Michelle’s amazing HypnoBirth of her second baby

Michelle's amazing HypnoBirth of her second baby

On Sunday 3rd May, I was 40 weeks and 5 days pregnant.
The baby was, in my mind, very UN-fashionably late past his due date of 29th April, so as much as I had willed and ‘manifested’ the privilege of pregnancy, to say I was keen to be done with it all was an understatement.
In the weeks leading to up to my full term, I had experienced increasingly intense Braxton-Hicks ‘practice contractions’ – annoying for me for the discomfort involved, stressful for Kishore who was on tenterhooks with the false alarms, on constant alert for when we would actually need to leave home for the hospital.
Having become Nadine Ghows’ Hypnobirthing student and advocate from my first pregnancy with Lara, and thus being equipped with
(1) a lack of fear about childbirth in general and
(2) a basic understanding of how all the sensations I would experience fit into the big picture of my body bringing our baby closer to us,
I was less stressed – content to wait for the baby to be “fully cooked” and come out whenever he was ready… though I wouldn’t have minded at all if the cooking time ended sooner, rather than later.
With Lara, I had been somewhat ‘forced’ into an induced labour, even though she was not yet due, and that had resulted in a 5 DAY LABOUR. So I was not inclined to chemically induce labour, even though I was assured that for second time mothers, it would be ‘much faster and easier’…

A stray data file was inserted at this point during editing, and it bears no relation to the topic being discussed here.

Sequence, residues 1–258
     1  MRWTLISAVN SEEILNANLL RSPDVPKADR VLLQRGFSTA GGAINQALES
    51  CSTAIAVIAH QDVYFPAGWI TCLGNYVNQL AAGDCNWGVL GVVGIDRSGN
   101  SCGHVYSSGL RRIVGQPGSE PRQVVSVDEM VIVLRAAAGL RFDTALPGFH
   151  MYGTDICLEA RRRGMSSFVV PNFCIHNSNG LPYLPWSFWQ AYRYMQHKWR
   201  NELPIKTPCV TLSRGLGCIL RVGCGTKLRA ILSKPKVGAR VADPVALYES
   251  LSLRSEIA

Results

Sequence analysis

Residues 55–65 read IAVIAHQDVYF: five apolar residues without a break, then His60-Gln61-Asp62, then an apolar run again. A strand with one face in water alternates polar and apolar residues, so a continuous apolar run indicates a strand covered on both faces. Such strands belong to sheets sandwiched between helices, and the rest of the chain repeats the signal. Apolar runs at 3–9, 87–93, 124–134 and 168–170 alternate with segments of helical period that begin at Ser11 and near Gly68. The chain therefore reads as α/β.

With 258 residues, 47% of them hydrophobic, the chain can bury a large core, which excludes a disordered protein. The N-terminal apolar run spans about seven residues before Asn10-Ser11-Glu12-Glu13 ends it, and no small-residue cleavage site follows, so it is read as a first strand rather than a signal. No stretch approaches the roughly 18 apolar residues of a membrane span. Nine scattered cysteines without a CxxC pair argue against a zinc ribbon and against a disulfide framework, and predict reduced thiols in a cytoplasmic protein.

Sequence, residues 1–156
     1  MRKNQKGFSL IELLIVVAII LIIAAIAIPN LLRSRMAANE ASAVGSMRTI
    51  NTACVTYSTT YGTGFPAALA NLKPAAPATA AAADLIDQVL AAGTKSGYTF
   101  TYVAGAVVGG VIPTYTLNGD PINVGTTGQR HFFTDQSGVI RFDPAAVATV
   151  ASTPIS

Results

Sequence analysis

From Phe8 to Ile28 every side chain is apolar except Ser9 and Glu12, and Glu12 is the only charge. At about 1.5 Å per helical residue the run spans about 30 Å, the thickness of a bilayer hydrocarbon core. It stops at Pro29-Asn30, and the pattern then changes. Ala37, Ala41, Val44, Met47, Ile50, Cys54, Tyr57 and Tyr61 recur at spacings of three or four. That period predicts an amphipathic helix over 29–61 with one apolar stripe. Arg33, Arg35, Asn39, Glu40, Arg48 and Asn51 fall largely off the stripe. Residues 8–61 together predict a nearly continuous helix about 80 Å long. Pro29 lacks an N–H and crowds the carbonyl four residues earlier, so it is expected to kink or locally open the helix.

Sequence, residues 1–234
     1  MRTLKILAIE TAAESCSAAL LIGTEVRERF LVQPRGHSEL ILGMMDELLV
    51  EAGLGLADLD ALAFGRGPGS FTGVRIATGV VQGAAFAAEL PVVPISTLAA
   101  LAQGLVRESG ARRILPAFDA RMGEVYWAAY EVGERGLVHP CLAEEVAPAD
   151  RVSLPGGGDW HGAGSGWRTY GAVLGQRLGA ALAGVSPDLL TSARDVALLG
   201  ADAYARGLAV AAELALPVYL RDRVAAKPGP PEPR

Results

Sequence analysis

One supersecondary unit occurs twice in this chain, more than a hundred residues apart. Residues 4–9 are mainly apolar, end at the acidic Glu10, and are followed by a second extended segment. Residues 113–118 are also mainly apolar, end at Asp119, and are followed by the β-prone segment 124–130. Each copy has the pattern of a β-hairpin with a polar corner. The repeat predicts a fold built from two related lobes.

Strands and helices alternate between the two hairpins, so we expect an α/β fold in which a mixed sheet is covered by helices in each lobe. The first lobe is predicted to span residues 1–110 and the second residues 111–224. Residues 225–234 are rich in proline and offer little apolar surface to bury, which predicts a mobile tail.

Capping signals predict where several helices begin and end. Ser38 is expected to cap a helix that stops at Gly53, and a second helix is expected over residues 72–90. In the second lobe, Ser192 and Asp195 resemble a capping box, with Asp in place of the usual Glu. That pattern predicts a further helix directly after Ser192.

That morning, I had a hunch *maybe* that day was the day, because in contrast to previous weeks’ sensations of tightening, pressure and even spasms that were concentrated in the front of my abdomen and occasionally shot through my sides and legs, I felt period – like cramping in my lower back which I had not felt before throughout the pregnancy.
It was about 8am in the morning then, and my ‘surges’ were still relatively mild (‘surges’ being Hypnobirthing – speak for ‘contractions’, designed to frame them with the more positive connotations needed to counteract common language in which childbirth is presented as something that is unequivocally painful and traumatic, instead of the miraculous, powerful and natural phenomenon it actually is).